A Warm Welcome to Honolulu!

I arrived in Hawaii on May 1st of 1962. It’s amazing how different things were that long ago. Along with military spending and agriculture, tourism had been a significant component of the Hawaiian economy for several decades, but it was really starting to take off in the 1960s.
Two events occurred in 1959 that triggered our tourism boom. First, Hawaii became a state in August of that year. Second—and most significant—the airlines started flying the Boeing 707 between Hawaii and the U.S. mainland. Before those big new jets went into service, the flight from the west coast to Hawaii took 11 hours flying at 20,000 feet. By contrast, the 707s flew above the weather at 35,000 feet and the flight time was reduced to five-and-a-half hours.
In 1962, there were parking spaces for six intercontinental jets at the Honolulu airport and passengers deplaned down portable stairways right onto the tarmac. PanAm and United were the two major airlines flying between here and the U.S. mainland back then. Both airlines had photographers on stand-by, ready to get photos of celebrities—mostly movie stars coming from L.A.—stepping off the planes.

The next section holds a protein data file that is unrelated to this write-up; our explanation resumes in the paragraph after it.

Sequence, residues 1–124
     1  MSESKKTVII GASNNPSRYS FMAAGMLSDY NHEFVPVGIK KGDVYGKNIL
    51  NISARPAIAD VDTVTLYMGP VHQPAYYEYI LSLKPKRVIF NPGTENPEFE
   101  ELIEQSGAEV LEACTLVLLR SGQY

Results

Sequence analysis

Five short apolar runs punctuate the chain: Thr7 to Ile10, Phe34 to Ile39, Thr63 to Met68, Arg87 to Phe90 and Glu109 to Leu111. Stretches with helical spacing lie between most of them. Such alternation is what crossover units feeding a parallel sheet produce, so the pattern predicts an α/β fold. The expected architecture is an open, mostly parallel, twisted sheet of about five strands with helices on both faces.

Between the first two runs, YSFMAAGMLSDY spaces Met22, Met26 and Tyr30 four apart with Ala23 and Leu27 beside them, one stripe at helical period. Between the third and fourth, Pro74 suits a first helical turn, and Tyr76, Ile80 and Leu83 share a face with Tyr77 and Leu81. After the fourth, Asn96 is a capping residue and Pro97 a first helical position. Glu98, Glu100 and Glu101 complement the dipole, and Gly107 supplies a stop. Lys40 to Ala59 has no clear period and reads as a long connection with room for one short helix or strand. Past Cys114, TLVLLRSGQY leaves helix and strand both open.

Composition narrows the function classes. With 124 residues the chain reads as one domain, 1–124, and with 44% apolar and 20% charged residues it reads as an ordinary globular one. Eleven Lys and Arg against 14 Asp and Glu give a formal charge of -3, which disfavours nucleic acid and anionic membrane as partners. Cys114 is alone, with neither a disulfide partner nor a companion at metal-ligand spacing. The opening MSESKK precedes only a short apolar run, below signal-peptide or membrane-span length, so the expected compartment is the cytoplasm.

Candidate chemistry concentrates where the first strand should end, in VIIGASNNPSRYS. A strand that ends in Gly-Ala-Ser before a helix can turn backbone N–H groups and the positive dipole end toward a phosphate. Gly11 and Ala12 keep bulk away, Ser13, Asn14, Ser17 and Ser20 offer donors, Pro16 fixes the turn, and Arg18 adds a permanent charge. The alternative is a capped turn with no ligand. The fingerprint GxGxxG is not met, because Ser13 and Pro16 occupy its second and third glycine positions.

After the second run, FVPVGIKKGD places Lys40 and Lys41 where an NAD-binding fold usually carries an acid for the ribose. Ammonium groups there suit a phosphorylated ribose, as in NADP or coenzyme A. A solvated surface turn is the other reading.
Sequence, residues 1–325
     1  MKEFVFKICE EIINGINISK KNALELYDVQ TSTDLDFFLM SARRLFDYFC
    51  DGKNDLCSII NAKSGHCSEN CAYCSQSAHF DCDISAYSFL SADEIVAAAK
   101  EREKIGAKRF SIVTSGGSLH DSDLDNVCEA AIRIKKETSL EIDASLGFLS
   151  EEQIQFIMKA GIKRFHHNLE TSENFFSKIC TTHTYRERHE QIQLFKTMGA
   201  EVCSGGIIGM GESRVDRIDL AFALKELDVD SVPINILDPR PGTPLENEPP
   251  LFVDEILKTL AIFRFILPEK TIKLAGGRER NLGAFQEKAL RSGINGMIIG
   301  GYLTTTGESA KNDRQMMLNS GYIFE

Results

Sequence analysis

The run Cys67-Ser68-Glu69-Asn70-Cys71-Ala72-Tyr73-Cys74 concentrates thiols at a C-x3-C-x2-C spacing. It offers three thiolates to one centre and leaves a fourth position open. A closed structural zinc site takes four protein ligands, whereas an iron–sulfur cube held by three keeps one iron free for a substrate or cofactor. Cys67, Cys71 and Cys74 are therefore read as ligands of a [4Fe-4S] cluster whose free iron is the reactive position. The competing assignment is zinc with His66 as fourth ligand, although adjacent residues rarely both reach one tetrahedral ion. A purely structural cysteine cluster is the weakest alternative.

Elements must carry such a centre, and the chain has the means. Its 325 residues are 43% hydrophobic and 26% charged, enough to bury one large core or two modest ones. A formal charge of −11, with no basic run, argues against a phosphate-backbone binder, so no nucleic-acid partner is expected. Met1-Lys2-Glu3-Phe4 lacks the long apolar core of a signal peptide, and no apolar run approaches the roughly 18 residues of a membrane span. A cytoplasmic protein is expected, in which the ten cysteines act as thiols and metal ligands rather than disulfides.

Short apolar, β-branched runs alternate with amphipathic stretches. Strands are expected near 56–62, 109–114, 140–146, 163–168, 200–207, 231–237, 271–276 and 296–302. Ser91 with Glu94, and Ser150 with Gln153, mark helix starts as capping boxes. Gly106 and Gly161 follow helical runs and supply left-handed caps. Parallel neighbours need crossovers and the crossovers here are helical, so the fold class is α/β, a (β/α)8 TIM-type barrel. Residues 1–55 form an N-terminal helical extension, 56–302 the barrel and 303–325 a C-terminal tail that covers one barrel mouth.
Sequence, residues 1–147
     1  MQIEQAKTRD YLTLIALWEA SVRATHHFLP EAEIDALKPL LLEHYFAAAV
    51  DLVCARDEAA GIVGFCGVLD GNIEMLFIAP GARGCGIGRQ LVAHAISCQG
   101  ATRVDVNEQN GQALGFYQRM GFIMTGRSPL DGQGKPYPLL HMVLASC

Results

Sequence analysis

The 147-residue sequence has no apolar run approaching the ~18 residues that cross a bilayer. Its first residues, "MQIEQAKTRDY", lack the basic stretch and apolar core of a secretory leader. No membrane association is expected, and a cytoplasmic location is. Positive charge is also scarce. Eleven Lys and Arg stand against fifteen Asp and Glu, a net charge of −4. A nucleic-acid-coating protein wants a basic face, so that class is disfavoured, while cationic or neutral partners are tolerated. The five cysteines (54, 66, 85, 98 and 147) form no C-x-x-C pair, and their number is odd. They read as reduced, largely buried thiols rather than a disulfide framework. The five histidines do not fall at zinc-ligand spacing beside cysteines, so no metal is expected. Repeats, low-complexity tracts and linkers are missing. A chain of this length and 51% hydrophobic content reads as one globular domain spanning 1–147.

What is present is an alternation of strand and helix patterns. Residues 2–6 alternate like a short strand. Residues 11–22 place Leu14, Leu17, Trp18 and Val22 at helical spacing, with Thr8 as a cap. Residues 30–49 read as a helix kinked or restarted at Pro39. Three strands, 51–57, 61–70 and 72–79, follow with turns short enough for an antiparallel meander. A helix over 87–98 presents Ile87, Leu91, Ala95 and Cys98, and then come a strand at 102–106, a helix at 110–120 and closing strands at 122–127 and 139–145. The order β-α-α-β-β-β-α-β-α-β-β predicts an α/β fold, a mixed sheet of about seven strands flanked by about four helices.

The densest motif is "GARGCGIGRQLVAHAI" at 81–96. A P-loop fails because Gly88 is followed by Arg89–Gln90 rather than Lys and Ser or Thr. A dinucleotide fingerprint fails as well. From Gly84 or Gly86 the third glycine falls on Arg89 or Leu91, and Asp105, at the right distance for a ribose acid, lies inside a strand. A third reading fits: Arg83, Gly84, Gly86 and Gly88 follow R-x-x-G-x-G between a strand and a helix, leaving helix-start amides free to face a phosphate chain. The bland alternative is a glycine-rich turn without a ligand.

Both PanAm and United would dispatch one of their top executives to the airport to personally greet celebrities and other passengers of note. PanAm’s representative was cheerful, gregarious Ernie Albrecht, who, despite the spelling, pronounced his last name as “Albright”. Ernie’s hospitality didn’t stop at the airport, however, and he frequently brought people of note to City Hall for a courtesy visit with Mayor Frank Fasi.
That was an interesting bonus for those of us who were in and out of the mayor’s office during the day—the opportunity to chat with basketball great Wilt Chamberlin or comedian Red Skelton or cartoonist Walter Lantz, creator of Woody Woodpecker, while they were waiting to see the mayor.
After Ernie retired from Pan American, he was appointed “Personal Representative of the Mayor and Official Greeter for the City of Honolulu by Frank Fasi, the Mayor of Honolulu at that time. It was the perfect job for Ernie Albrecht.